Two senior U.S. officials in East Africa say the situation in Somalia is improving despite continued violence. They have pledged American support for a joint Arab-African peacekeeping force for the shattered country. Nick Wadhams has the story from our Nairobi bureau.
Speaking to reporters at the U.S. Embassy in the Kenyan capital, U.S. Ambassador Michael Rannenberger and the special U.S. envoy for Somalia, John Yates, said American counter-terrorism efforts in the Horn of Africa have "severely disrupted" al-Qaida in the region.
Rannenberger said that a meeting of the Somali National Reconciliation Congress that ended last month came up with several important ideas on security, elections and drafting a new constitution. He said the United States is willing to help fund future meetings in the reconciliation process.
"We do think that the results of the Somali National Reconciliation Congress were very positive," said Rannenberger. "They came out with a number of specific recommendations that now need to be implemented, which do provide, in our judgment, a basis for moving forward and sustaining momentum on national reconciliation. Let me be very, very clear, the national reconciliation process is not over but this is a milestone in that process."
The reconciliation process has been derided as a failure by opponents of Somalia's transitional government and members of the Islamic Courts Union, which was driven from much of the country by Ethiopian troops early this year.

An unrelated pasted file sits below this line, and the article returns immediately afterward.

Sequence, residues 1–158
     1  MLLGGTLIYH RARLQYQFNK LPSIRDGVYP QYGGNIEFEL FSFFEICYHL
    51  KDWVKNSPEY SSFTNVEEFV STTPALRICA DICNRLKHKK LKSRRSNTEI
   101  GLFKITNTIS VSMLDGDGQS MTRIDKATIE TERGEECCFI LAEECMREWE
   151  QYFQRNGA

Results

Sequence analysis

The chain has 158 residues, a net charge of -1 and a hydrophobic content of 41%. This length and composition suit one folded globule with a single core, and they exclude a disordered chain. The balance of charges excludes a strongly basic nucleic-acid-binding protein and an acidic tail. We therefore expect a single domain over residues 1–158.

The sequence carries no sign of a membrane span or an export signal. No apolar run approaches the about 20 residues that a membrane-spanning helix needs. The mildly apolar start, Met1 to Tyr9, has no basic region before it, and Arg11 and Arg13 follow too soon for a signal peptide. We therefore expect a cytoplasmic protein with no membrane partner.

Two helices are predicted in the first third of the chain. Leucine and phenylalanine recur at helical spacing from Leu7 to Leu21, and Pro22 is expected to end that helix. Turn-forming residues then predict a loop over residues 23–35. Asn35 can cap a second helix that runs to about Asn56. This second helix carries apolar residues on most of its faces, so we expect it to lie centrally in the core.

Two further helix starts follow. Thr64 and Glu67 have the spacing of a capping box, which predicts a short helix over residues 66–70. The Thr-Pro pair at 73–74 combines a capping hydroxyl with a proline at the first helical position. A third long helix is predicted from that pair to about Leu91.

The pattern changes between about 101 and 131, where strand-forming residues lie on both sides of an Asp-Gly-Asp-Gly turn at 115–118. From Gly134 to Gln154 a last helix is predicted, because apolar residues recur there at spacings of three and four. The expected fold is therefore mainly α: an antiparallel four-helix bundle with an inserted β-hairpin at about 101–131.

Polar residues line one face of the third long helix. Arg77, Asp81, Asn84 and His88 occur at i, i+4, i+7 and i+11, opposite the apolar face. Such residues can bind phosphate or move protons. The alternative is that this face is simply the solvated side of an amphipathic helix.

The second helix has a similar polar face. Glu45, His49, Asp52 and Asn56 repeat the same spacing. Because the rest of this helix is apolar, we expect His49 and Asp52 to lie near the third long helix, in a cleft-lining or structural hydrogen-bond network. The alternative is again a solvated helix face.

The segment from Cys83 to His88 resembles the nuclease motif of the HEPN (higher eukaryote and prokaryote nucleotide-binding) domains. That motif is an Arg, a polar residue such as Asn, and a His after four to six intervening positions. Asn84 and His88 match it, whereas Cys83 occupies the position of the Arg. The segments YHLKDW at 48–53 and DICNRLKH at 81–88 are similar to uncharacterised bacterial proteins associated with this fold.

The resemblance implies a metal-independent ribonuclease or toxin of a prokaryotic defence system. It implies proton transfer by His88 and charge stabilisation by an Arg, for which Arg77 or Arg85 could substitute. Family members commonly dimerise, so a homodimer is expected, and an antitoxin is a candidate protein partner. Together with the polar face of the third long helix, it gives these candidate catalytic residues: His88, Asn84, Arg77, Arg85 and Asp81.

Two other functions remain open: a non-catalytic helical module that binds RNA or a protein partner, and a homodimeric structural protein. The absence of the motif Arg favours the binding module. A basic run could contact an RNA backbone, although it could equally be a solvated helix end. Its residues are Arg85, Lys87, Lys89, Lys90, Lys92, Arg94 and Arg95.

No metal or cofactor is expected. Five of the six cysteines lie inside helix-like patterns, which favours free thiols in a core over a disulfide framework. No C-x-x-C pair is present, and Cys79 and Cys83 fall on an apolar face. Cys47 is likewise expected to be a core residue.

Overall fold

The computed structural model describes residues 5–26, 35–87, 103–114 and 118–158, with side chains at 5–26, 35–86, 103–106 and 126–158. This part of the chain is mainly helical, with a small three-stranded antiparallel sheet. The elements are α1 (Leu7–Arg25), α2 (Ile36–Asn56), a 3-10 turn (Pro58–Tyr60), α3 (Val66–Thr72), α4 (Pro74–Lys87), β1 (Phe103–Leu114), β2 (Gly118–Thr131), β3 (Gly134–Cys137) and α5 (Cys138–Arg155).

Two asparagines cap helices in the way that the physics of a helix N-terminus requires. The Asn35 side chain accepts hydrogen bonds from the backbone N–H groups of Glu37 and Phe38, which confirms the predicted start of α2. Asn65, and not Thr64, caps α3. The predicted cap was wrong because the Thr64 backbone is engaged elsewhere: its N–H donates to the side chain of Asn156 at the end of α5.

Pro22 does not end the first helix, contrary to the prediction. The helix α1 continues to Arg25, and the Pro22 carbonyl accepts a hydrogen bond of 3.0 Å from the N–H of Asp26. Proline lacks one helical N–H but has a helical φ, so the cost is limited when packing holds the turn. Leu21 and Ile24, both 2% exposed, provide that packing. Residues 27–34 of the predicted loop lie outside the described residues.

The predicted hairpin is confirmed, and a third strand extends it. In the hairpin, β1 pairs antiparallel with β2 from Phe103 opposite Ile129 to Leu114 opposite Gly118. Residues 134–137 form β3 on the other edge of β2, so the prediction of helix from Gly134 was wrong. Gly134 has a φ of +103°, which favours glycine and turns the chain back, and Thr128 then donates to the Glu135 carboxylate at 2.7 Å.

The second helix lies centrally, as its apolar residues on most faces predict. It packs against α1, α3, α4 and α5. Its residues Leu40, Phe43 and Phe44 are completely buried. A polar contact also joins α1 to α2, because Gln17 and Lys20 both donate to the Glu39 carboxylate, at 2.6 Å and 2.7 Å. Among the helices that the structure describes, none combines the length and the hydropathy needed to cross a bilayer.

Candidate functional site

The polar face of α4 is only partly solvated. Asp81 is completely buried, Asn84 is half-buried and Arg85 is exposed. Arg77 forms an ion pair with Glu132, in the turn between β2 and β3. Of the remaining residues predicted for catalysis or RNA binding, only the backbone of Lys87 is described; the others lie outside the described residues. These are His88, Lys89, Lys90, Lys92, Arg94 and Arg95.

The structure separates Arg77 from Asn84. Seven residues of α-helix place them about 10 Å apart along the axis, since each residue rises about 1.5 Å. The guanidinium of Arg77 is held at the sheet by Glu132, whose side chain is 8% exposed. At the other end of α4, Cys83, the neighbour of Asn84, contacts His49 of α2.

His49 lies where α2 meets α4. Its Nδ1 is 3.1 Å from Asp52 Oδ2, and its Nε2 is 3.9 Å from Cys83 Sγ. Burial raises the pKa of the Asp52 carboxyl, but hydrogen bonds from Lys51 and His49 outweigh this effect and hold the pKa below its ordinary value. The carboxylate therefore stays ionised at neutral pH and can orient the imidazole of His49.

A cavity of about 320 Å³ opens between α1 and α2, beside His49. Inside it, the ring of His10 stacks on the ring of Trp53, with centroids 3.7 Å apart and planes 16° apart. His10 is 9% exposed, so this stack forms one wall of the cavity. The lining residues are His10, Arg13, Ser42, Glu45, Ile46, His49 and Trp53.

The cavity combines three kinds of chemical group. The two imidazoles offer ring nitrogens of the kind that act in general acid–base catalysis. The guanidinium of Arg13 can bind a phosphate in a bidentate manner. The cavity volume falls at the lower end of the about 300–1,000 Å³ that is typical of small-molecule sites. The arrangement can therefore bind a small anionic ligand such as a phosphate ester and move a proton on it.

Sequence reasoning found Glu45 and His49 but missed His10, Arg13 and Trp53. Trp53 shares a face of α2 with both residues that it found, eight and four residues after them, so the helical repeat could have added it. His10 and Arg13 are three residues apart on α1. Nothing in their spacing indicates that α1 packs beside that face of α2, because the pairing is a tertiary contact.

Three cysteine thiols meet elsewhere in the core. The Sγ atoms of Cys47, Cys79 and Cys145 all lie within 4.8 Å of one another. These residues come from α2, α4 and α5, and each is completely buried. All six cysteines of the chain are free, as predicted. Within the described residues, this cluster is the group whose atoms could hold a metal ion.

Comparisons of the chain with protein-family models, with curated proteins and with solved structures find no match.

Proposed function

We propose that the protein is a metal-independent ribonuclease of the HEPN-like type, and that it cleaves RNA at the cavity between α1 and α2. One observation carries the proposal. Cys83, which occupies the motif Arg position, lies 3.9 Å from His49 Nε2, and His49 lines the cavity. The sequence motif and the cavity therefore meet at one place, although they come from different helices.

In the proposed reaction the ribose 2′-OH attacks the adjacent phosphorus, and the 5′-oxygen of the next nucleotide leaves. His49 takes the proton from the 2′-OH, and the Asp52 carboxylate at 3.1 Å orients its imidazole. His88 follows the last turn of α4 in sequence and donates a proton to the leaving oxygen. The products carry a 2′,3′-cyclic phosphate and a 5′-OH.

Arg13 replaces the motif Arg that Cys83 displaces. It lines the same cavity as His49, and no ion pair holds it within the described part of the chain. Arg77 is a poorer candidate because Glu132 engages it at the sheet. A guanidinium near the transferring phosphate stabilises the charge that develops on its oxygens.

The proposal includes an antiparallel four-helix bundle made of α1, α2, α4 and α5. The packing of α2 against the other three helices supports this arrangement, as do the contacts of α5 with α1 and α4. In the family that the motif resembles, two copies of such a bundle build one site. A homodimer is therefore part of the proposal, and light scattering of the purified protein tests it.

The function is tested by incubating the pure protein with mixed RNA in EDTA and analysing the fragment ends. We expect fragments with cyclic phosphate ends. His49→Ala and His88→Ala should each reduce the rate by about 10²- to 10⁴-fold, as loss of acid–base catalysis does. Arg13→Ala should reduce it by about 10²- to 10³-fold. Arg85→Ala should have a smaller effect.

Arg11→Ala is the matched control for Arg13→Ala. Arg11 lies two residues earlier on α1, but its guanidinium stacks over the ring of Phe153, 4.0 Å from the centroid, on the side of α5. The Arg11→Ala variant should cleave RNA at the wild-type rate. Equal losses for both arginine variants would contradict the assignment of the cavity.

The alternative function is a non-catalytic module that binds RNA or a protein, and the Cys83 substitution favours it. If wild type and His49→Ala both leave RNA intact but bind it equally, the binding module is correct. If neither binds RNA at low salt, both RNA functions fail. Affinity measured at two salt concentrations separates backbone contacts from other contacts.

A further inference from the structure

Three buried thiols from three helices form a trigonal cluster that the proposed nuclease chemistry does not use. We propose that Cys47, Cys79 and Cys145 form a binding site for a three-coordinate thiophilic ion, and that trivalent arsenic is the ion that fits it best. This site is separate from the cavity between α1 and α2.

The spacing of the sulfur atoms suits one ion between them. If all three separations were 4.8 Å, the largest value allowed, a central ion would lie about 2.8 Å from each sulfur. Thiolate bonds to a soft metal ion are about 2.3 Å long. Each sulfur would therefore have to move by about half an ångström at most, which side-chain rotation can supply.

A group led by former Islamic Courts chief Sheikh Sharif Ahmed has been meeting in the Eritrean capital, Asmara. That group has promised a new war in Somalia if necessary.
Rannenberger and Yates dismissed the group, calling it isolated.
"It would be wrong to see the situation in Somalia as something that's proceeding in a downward spiral," said Rannenberger. "If anything, it's the opposite. We now have more momentum on national reconciliation, and that ultimately will constrain some of the violence. And the Ethiopians have in our view been a force that has helped to contribute to that security, they are part of the solution rather than part of the problem."
In a bid to restore stability, Somalia's president, Abdullahi Yusuf Ahmed, has put forward a proposal for a joint Arab-African force. Yates and Rannenberger voiced support for the idea.
Yates said the deployment of a separate African Union force is taking place too slowly, though he said a contingent from Burundi would arrive in October.
The Ethiopians and the transitional government have struggled to maintain control of the capital, Mogadishu, and elsewhere. Bombings and shootings are a daily occurrence, and Mogadishu is far too dangerous for outsiders without heavy security.
The United Nations says some 340,000 people have fled Mogadishu since February, and numerous non-governmental organizations have reported severe malnutrition among the refugees.
In other news, Rannenberger and Yates said they are trying to verify reports that a man suspected in bombing attacks in Kenya in 2002, Saleh Ali Saleh Nabhan, was shot and killed in Somalia this week.